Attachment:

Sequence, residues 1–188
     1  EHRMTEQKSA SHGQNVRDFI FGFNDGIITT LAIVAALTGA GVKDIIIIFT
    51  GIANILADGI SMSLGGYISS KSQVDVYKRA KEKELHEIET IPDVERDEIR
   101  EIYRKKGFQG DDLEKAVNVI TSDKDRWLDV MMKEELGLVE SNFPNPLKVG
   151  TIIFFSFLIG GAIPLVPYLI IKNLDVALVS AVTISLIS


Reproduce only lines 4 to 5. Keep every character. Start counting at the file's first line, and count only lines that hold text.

   101  EIYRKKGFQG DDLEKAVNVI TSDKDRWLDV MMKEELGLVE SNFPNPLKVG
   151  TIIFFSFLIG GAIPLVPYLI IKNLDVALVS AVTISLIS